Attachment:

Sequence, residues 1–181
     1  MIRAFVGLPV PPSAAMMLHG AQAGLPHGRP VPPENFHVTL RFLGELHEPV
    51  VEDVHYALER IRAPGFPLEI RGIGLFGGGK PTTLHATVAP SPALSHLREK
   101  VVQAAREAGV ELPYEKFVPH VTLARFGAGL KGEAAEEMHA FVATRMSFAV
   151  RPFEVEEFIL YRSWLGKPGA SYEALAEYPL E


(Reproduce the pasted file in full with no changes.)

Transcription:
Sequence, residues 1–181
     1  MIRAFVGLPV PPSAAMMLHG AQAGLPHGRP VPPENFHVTL RFLGELHEPV
    51  VEDVHYALER IRAPGFPLEI RGIGLFGGGK PTTLHATVAP SPALSHLREK
   101  VVQAAREAGV ELPYEKFVPH VTLARFGAGL KGEAAEEMHA FVATRMSFAV
   151  RPFEVEEFIL YRSWLGKPGA SYEALAEYPL E